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Document Max. Freq Min. Freq
Harper's Encyclopedia of United States History (ed. Benson Lossing) 147 147 Browse Search
Lucius R. Paige, History of Cambridge, Massachusetts, 1630-1877, with a genealogical register 52 52 Browse Search
Baron de Jomini, Summary of the Art of War, or a New Analytical Compend of the Principle Combinations of Strategy, of Grand Tactics and of Military Policy. (ed. Major O. F. Winship , Assistant Adjutant General , U. S. A., Lieut. E. E. McLean , 1st Infantry, U. S. A.) 28 28 Browse Search
Benjamin Cutter, William R. Cutter, History of the town of Arlington, Massachusetts, ormerly the second precinct in Cambridge, or District of Menotomy, afterward the town of West Cambridge. 1635-1879 with a genealogical register of the inhabitants of the precinct. 23 23 Browse Search
Knight's Mechanical Encyclopedia (ed. Knight) 20 20 Browse Search
H. Wager Halleck , A. M. , Lieut. of Engineers, U. S. Army ., Elements of Military Art and Science; or, Course of Instruction in Strategy, Fortification, Tactis of Battles &c., Embracing the Duties of Staff, Infantry, Cavalry, Artillery and Engineers. Adapted to the Use of Volunteers and Militia. 17 17 Browse Search
HISTORY OF THE TOWN OF MEDFORD, Middlesex County, Massachusetts, FROM ITS FIRST SETTLEMENT, IN 1630, TO THE PRESENT TIME, 1855. (ed. Charles Brooks) 14 14 Browse Search
Francis Jackson Garrison, William Lloyd Garrison, 1805-1879; the story of his life told by his children: volume 1 9 9 Browse Search
Francis Jackson Garrison, William Lloyd Garrison, 1805-1879; the story of his life told by his children: volume 2 8 8 Browse Search
Cambridge History of American Literature: volume 3 (ed. Trent, William Peterfield, 1862-1939., Erskine, John, 1879-1951., Sherman, Stuart Pratt, 1881-1926., Van Doren, Carl, 1885-1950.) 8 8 Browse Search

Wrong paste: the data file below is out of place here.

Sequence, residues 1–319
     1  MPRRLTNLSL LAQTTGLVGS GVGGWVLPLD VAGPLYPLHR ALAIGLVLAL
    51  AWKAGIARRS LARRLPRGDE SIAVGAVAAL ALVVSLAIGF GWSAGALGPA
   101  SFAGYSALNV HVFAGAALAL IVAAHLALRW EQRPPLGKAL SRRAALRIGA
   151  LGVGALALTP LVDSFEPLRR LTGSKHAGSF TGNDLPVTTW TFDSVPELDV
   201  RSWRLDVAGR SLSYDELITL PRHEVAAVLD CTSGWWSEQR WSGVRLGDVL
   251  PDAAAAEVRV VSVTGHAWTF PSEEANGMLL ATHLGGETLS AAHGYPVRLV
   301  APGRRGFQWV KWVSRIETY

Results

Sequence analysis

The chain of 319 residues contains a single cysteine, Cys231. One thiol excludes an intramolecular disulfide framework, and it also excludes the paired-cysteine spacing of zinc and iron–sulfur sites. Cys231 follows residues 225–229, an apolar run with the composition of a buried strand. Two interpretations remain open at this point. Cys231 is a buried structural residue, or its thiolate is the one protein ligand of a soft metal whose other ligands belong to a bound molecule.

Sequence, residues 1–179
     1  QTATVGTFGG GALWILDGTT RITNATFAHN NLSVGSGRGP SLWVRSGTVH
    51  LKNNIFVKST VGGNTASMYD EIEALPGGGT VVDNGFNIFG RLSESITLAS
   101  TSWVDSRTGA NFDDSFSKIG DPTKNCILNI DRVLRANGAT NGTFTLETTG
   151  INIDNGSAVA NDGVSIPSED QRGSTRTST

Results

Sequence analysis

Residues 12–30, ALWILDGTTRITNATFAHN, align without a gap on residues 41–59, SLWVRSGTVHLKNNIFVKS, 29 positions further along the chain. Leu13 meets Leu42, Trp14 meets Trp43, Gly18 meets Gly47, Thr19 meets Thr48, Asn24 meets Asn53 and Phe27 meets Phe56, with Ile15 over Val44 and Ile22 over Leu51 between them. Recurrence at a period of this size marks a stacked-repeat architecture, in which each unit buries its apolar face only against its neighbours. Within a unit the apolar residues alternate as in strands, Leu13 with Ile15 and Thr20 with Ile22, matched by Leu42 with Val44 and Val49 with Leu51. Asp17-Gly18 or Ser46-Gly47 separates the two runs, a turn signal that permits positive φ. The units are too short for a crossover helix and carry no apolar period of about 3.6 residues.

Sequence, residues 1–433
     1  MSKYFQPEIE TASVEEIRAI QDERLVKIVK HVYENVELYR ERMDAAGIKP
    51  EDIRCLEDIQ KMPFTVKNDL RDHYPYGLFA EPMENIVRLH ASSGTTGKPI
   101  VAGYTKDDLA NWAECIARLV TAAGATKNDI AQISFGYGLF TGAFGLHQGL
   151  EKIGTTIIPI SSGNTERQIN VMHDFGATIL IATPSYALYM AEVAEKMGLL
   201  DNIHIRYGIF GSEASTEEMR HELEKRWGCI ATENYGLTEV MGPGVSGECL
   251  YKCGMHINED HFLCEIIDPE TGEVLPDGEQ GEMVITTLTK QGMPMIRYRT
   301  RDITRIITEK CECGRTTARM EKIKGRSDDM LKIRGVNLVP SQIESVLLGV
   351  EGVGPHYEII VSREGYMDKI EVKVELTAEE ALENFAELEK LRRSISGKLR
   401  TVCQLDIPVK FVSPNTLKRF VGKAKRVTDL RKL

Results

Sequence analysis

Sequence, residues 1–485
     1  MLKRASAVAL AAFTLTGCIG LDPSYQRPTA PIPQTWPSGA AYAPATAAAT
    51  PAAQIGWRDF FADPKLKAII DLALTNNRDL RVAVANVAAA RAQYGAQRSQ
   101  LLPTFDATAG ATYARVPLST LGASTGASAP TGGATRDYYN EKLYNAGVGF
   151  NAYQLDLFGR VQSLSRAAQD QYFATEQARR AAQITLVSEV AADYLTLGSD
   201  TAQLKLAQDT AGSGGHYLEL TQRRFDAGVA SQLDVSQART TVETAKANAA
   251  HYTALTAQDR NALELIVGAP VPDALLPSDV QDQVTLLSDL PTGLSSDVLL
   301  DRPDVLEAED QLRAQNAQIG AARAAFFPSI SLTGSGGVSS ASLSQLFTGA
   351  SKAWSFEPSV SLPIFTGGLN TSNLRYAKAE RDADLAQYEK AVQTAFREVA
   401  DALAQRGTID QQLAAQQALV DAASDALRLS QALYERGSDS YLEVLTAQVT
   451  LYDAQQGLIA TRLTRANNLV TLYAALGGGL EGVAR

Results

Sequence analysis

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Browsing named entities in Colonel William Preston Johnston, The Life of General Albert Sidney Johnston : His Service in the Armies of the United States, the Republic of Texas, and the Confederate States.. You can also browse the collection for 1805 AD or search for 1805 AD in all documents.

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ool, where he remained some years; but he completed his academic education at Transylvania University, Lexington, Kentucky, and then studied law with the famous George Nicholas. His acquirements were solid, and his reading choice and various. In 1805 he emigrated to the Territory of Louisiana, lately acquired from the French, and then sparsely settled by a rude population. Settling at Alexandria, at that time a frontier village, he devoted himself to the practice of law, and rapidly gained wegenerous, and honorable. The happy influence of such a character and career upon a band of younger brothers cannot be over-estimated, especially when they saw virtue crowned with a success which met neither check nor reverse from its beginning in 1805 to the close of an honored life in 1833. He was a man well beloved, and well deserving the love of his fellow-men. His conduct toward his brothers not only illustrates the warmth of his affections, but exerted a powerful influence over the desti
destroyed it, but for the gallant defense of the French inhabitants and its timely relief by George Rogers Clark with an American force. After this, the Sacs and Foxes were engaged in wars with the Osages and other tribes, but especially with the Sioux, against whom they waged a deadly feud. Nevertheless they were prosperous, and a leading tribe in numbers; while in warlike spirit, sagacity, polity, and general intelligence, they were excelled by none of the tribes of the Northwest. In 1805 Lieutenant Pike represented their numbers at 4,600, of whom 1,100 were warriors; but Lewis and Clark compute that they were 3,200 strong, of whom 800 were warriors, which was probably nearer the truth. In 1825, the Secretary of War, adopting the estimate of Governor William Clark, reckoned their entire strength at 6,600, with a force of 1,200 or 1,400 warriors; thus showing a rapid gain in strength in twenty years. General St. Clair, Governor of the Northwest Territory, made the first t
n confederates animated by similar sordid motives, deliberately framed and preached and organized a system of religious imposture, which was to establish him as the prophet and vicegerent of the Most High. He pretended to announce his mission by divine revelation, and to attest it by miracles. Secretly he made it the instrument of unbounded license, and of a perfect despotism, spiritual and temporal, over his deluded followers. Joseph Smith was a native of Vermont, where he was born in 1805. His father removed during his boyhood to near Palmyra, New York. His family was of the vagabond class, thriftless and superstitious. They were people of the lowest social grade, subsisting on the proceeds of irregular labor-hunting, trapping, well-digging, and peddling beer and cakes, together with some shiftless and ill-directed work on the farm on which they had squatted. Their neighbors testified that they were idle, thriftless, and suspected of pilfering. The family were very ignora